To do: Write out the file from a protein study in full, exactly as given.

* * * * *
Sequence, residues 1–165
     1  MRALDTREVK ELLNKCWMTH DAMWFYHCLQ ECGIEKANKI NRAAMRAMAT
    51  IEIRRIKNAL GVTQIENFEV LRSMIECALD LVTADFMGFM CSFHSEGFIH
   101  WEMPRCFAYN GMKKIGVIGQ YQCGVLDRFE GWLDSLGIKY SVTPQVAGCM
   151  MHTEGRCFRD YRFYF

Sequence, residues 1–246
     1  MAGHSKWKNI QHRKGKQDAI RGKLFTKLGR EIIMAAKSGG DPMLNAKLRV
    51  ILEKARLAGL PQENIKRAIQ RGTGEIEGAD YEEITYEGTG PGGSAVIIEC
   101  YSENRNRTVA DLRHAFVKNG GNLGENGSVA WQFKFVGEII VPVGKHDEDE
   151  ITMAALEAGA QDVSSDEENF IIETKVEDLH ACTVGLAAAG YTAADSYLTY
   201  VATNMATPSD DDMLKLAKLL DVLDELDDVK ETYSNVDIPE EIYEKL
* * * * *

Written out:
Sequence, residues 1–165
     1  MRALDTREVK ELLNKCWMTH DAMWFYHCLQ ECGIEKANKI NRAAMRAMAT
    51  IEIRRIKNAL GVTQIENFEV LRSMIECALD LVTADFMGFM CSFHSEGFIH
   101  WEMPRCFAYN GMKKIGVIGQ YQCGVLDRFE GWLDSLGIKY SVTPQVAGCM
   151  MHTEGRCFRD YRFYF

Sequence, residues 1–246
     1  MAGHSKWKNI QHRKGKQDAI RGKLFTKLGR EIIMAAKSGG DPMLNAKLRV
    51  ILEKARLAGL PQENIKRAIQ RGTGEIEGAD YEEITYEGTG PGGSAVIIEC
   101  YSENRNRTVA DLRHAFVKNG GNLGENGSVA WQFKFVGEII VPVGKHDEDE
   151  ITMAALEAGA QDVSSDEENF IIETKVEDLH ACTVGLAAAG YTAADSYLTY
   201  VATNMATPSD DDMLKLAKLL DVLDELDDVK ETYSNVDIPE EIYEKL